WHY THE GREAT ESCAPE ENDED IN A BLOODBATH; UK Intelligence Services Finally Released Secret Papers Yesterday Detailing the Way Nazis and Spies Operated in World War II
McCOLM, Euan, Daily Record (Glasgow, Scotland)
STALAG LUFT III
IT WAS the great escape - when around 80 Allied prisoners made a daring bid for freedom.
But the massacre of 50 of those brave airmen by the Nazis shocked the world.
And yesterday it emerged the order to kill them came from the very top of Hitler's Third Reich.
The courage and industry of the prisoners who broke out of Stalag Luft III in 1944 gripped the imaginations of generations to come and inspired the film The Great Escape.
The World War II mass murder was one of the most emotive scenes in the 1963 movie, with two of the main victims played by Scots actor Gordon Jackson and Richard Attenborough.
The most famous scene however, which saw Steve McQueen's failed bid to escape to Switzerland on a stolen German Army motorbike, was pure fiction.
Film makers included the American character in a bid to woo audiences in the States.
Yesterday's released documents show the draconian decision to kill the recaptured prisoners was taken to deter other bids for freedom.
They also give a chilling insight into the bitter objections raised over the mass-shooting from senior German officers - and how these were dismissed out of hand by the Nazi high command.
They include a verbatim account of the events surrounding the escape, given by the German officer responsible for prisoner welfare in camps.
The testimony came from a General Major Westhoff, who was interrogated by British intelligence officers after the war.
Westhoff told how an "excited and nervous" Field Marshal Wilhelm Keitel, who was also ultimately in charge of PoW camps, called him to a meeting shortly after the break-out in March 1944.
Giving the news that around 80 Allied airmen had escaped from the camp Stalag Luft III at Sagan, east Germany, Keitel said: "Gentlemen, this is a bad business."
Keitel, one of Hitler's most loyal military followers, warned he must "set an example" to other prisoners, Westhoff recounted.
Keitel said: "We shall have to take very severe measures. I can only tell you that the men who have escaped will be shot; probably the majority of them are dead already."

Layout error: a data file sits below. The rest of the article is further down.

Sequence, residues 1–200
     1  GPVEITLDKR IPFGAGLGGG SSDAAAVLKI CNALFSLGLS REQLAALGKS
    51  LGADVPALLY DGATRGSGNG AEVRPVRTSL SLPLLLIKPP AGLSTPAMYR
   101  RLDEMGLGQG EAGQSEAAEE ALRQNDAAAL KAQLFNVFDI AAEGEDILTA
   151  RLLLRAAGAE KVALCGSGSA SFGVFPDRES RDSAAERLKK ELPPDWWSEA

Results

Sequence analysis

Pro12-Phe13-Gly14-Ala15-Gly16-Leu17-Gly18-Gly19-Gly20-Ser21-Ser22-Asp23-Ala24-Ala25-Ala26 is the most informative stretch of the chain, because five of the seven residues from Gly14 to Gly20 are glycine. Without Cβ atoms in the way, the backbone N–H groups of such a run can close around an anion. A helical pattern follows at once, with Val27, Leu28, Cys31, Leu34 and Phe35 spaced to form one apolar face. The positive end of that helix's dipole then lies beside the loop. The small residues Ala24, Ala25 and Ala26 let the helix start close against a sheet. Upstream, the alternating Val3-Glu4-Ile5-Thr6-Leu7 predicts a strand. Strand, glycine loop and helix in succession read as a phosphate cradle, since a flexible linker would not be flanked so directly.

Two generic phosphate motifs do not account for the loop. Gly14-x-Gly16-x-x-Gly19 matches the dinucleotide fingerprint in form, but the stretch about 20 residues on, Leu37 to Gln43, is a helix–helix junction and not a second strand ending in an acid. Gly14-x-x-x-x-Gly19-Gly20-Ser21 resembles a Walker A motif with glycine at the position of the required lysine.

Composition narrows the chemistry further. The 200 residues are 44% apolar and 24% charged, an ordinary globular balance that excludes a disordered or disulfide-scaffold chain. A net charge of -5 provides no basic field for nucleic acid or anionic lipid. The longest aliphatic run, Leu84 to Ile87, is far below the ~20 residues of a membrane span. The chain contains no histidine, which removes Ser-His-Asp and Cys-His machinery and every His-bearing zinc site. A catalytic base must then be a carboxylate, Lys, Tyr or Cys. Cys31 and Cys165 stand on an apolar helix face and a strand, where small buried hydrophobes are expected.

When told it was "out of the question" to execute recaptured men, Westhoff remembered the Field Marshal answering simply: "I don't care a damn."
Keitel continued: "We discussed it in the Fuhrer's presence and it cannot be altered."
Westhoff said the meeting was told how Hitler and Himmler had decided the matter between them.
He said: "The Fuhrer himself always took a hand in these affairs when officers escaped."
He told his MI5 interrogators that all those killed had been shot by police or Gestapo before his troops had even seen them.
He said: "We were faced with a fait accompli."
Some 21 of the Gestapo executors were themselves tried and put to death by the Allies after the war.
Westhoff's recollections were likely to have been at least coloured by a desire to please his captors.
He told the MI5 officers he later acted to allow the remaining prisoners in Stalag Luft III keep a monument to their dead comrades.
He recalled how the bodies of the 50 were burnt and their ashes returned to the camp in urns.
He said: "For the burial, the PoWs arranged with the protecting power that they should be allowed to erect a nice monument, which they made themselves."
Westhoff said he was told about the monument and sent a photograph. But he chose not to tell his superiors, fearing it would "give rise to more difficulties".
He spoke of the "honour" of the British officers.
And he claimed he had once told a meeting of the German high command: "Gentlemen, we act according to the (Geneva) Convention."
"Gentlemen," came the chilling response from a senior Nazi Party member at the meeting, "the Convention is a scrap of paper which doesn't interest us. …